For the next 50 years, life in Wellington was dependent on the tram as a means of transport, but gradually city planners began to realise that their days were numbered. Many of Wellington's streets were very narrow by Australasian standards and large trams lumbering down the centre-line of the road didn't mix well with increasing numbers of cars. Buses were seen to be the future, being much a more manoeuvrable and safer form of public transport. By the late 1950's routes began to close, and on 2nd May 1964, the last surviving tramcar route in New Zealand (Thorndon to Newtown) came to a close.
Though Wellington's trams now exist only as museum pieces, their legacy can still be seen today. The Hataitai tram tunnel through Mt Victoria is still in use and many roads such as the main routes to Wadestown and Brooklyn owe their existence to the major engineering works which were required to lay tram tracks to these hill suburbs. In some regards we have perhaps only moved on to another stage of tramway development - Wellington's "trackless trams" (what we now know as Trolley Buses) continue as New Zealand's last link with a city-wide tramway network.
Wellington Tram. Footnote [5.]
At the the library
The library has many resources to help you research this fascinating aspect of Wellington's urban history.
- The end of the penny section : when trams ruled the streets of New Zealand / by Graham Stewart
One of the first major works written about the trams in New Zealand, this book has now been published in a new edition. Graham Stewart is widely regarded as being New Zealand's best authority on tram history.
- Wellington tramway memories / compiled by T.A. McGavin
This book has been published as two different editions, each with a different author. It was originally published shortly after the service ceased, so was written more as a souvenir to commemorate the tram service in Wellington.
- Wonderful Wellington : seen to best advantage by the tramway sight-seeing service.
A vintage 1940 souvenir travel guide published by the Tramways Department of the City Council, this delightful book was designed to show-off all the different attractions to visitors to the city. Naturally it was suggested that all the tourist sights listed be reached by Corporation tram or bus of course...
- Tramways and suburban growth : a case study of Kilbirnie, Wellington, New Zealand / by Adrian Humphris
This work is an unpublished Masters Thesis and is only available as a reference item. It is the first major research work to track the correlation between the expansion of Wellington's tramway network, and the rise and development of our outer suburbs. Recommended reading for those interested in a serious study of Wellington's tramway history.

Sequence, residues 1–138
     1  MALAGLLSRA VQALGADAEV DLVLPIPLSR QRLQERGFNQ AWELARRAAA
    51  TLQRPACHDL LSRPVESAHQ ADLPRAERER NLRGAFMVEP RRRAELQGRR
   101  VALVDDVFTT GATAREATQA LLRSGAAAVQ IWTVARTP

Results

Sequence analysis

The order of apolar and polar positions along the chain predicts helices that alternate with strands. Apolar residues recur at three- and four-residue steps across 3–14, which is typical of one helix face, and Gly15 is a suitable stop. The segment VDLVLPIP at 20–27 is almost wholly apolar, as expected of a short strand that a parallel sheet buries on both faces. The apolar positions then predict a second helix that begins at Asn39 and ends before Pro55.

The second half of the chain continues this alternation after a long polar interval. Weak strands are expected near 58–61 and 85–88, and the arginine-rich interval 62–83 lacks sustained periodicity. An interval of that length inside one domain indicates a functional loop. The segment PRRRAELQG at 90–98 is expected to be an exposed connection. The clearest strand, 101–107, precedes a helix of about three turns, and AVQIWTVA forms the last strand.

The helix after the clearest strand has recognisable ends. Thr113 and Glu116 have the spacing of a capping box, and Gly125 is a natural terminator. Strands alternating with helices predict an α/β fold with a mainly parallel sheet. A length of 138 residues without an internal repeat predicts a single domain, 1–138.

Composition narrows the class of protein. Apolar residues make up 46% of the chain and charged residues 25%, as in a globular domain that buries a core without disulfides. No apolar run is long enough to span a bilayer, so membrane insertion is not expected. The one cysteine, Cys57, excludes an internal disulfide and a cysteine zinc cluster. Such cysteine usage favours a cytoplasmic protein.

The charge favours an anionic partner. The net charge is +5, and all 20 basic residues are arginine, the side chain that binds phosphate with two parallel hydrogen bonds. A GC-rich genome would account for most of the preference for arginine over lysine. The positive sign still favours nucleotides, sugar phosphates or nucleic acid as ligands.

- Around Wellington by tram in the 20th century / by Graham Stewart
One of the most recent publications on the history of trams in Wellington, this book features a wide selection of superb photographs (some in colour), many of which have never been published before.
- When trams were trumps in New Zealand : an illustrated history / by Graham Stewart
Lavishly illustrated, this book takes a thematic approach to the history of trams in New Zealand with chapters looking at tram car design, famous and unusual accidents, Dunedin's legendary cable-car network, and women working as conductors during World War II.
- Always a tram in sight : the electric trams of New Zealand, 1900 to 1964 / by Graham Stewart
This book is like a tram-spotters guide, giving detailed technical and design information about the different trams that were used by city councils around the country. Many of these were designed and built by coach builders in New Zealand.
The Central Library has copies of the Evening Post back to 1865 and The Dominion back to 1907 available on microfilm. By using some of the dates of landmark events which you can obtain from the books listed above, you can track newspaper coverage of these events back to the earliest days of trams in 1878. The library also has a clippings archive taken from the Evening Post for the years 1927-1977. You can use this to research beyond the basic history of the network and include subjects such as tram accident and labour disputes between the Tramway Department and its employees. Ask at the 2nd Floor Reference Desk of the Central Library.
- Used with kind permission of the Wellington City Archives:00146:1:504. back
- From the Libraries' collection. back
- Reproduced with kind permission from the Wellington City Archives: 00138:0:3129. back
- From the Libraries' collection. back
- Private collection. Used with kind permission. Not to be reproduced. back